Connecting to content – a higher education consideration in South Africa

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Connecting to content – a higher education consideration in South Africa

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Written by: Zoe Guzman Martinez, Supervising Editor: Instructional Design

Growing up in rural KwaZulu-Natal, any questions I had that could not be answered by my mom, dad, teacher, a set of outdated encyclopaedias or the limited collection at the local library would generally go unanswered. With the rapid advancement of technology over the past few decades, has come the democratisation of information, which has changed (and will continue to change) the way in which we learn and teach.

Traditionally, the custodians of learning content have been limited and relatively exclusive, with restrictions as to how and when the content can be used. Open Educational Resources (OERs) have changed this by putting educational material in the public domain, using Creative Commons licensing. A move towards connectivist learning has also shifted the learning-content landscape by drawing on the notion that knowledge exists in external networks, and individuals learn by using technology to engage with peers and research a wide variety of topics.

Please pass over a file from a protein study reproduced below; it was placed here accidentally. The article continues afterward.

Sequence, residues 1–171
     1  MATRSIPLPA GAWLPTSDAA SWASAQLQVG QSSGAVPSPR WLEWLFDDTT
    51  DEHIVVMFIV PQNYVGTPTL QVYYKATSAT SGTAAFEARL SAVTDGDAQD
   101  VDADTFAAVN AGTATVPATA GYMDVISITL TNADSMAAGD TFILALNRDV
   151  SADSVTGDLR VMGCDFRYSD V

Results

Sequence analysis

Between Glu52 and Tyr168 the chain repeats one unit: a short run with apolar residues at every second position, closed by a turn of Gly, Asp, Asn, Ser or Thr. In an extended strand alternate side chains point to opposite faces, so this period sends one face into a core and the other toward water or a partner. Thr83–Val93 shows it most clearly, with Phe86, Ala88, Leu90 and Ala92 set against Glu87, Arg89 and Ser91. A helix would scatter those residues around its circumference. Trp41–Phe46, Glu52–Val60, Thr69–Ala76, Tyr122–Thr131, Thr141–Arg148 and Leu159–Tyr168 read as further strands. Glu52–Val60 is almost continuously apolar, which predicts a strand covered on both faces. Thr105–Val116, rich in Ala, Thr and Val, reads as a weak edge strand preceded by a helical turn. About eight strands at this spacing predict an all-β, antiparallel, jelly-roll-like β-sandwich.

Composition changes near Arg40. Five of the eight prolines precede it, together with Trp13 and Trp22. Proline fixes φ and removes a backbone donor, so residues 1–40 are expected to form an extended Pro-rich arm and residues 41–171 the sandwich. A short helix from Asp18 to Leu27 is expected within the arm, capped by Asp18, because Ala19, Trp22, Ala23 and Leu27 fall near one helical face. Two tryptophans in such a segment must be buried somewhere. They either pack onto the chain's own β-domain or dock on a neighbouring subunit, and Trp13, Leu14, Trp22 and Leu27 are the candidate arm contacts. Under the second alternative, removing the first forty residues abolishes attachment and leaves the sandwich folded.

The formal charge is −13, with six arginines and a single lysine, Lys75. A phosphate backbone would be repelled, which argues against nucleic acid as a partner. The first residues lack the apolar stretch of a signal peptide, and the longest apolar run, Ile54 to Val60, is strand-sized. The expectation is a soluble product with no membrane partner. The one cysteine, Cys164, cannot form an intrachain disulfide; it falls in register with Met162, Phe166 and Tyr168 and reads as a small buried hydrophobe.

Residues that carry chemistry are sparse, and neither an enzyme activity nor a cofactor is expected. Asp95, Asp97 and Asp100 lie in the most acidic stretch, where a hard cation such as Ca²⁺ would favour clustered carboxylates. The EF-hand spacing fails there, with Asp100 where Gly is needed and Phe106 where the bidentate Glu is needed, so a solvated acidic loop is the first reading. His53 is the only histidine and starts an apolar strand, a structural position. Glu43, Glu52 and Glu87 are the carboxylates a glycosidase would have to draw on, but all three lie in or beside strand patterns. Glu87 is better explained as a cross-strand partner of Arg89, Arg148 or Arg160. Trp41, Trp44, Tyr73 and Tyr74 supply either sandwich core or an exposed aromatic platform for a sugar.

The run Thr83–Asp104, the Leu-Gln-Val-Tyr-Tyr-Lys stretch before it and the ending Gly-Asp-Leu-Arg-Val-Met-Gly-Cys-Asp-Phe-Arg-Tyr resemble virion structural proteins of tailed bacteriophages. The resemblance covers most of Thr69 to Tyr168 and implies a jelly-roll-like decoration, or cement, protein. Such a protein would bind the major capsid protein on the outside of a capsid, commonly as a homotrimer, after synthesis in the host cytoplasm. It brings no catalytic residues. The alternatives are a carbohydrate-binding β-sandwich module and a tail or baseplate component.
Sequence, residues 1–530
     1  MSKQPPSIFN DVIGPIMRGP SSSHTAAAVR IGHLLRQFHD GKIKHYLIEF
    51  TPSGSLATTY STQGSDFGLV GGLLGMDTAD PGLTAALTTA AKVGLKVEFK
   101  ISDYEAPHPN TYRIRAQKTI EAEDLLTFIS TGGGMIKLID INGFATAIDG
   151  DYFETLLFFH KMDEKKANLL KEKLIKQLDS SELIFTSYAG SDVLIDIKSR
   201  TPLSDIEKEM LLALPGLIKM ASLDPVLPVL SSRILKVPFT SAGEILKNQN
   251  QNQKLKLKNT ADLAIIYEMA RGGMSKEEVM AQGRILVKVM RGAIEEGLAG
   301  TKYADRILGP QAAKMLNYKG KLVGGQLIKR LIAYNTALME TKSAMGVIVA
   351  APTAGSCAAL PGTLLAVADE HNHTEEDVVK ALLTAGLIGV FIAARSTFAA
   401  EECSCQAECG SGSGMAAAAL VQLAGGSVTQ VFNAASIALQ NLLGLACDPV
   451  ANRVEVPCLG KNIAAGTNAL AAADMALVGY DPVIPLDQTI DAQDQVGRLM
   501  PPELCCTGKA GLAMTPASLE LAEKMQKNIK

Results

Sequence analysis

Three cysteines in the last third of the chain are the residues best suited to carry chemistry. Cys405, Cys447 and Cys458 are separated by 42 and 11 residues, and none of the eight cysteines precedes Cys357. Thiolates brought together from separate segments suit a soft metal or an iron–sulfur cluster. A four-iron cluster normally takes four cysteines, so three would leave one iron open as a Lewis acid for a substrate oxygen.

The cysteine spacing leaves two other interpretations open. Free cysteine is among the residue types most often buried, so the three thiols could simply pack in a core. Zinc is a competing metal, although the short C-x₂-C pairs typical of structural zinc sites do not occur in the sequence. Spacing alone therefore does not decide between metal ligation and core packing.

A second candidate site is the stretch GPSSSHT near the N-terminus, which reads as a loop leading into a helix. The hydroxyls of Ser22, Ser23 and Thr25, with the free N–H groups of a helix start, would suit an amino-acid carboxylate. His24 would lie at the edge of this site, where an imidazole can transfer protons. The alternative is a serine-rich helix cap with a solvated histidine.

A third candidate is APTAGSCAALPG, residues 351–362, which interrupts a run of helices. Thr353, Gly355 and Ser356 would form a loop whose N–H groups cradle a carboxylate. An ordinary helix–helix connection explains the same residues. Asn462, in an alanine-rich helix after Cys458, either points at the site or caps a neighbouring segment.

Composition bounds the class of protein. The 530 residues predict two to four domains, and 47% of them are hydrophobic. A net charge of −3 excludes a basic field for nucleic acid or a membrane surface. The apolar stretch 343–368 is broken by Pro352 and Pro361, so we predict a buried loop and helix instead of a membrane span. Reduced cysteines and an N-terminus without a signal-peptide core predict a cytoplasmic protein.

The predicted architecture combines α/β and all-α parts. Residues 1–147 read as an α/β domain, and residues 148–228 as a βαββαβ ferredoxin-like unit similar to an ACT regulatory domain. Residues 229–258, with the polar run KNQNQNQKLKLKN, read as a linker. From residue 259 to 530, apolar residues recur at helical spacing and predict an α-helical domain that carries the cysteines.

The paradigm shift in how content is being made available necessitates institutions in higher education to adapt to meet the changing needs of learners. With extensive access to content, the expectation now is not for more of the same content to be produced, but for learning environments to focus on “packaging” this content to make it available in a way that works best for learners. In South Africa, it is also critical to source and adapt material in a way that creates a balance between content that is applicable to the African context, but that is still relevant from a global perspective.

Connectivist learning requires those who are teaching and learning to be able to research and filter the vast amount of content that is available, and to develop the skills necessary to turn quantity into quality. Fewer resources in higher education should be allocated to creating more content, and there should be a focus on adapting content that exists to make it more student-centric and, critically, to constantly update it to ensure that it is always current. Technology has made information more widely accessible, so, in higher education, the value we add is filtering content, making sure it is up-to-date and making it available to learners in a manner that works for them, applies to their context, and helps them to achieve their learning and professional goals. We live in an age where learning needs to be seen from a student’s perspective; the psychology of how learning occurs is more important than ever, and the content in higher education, which is designed to enable learning, needs to reflect this.

 

 

16 Sep 2021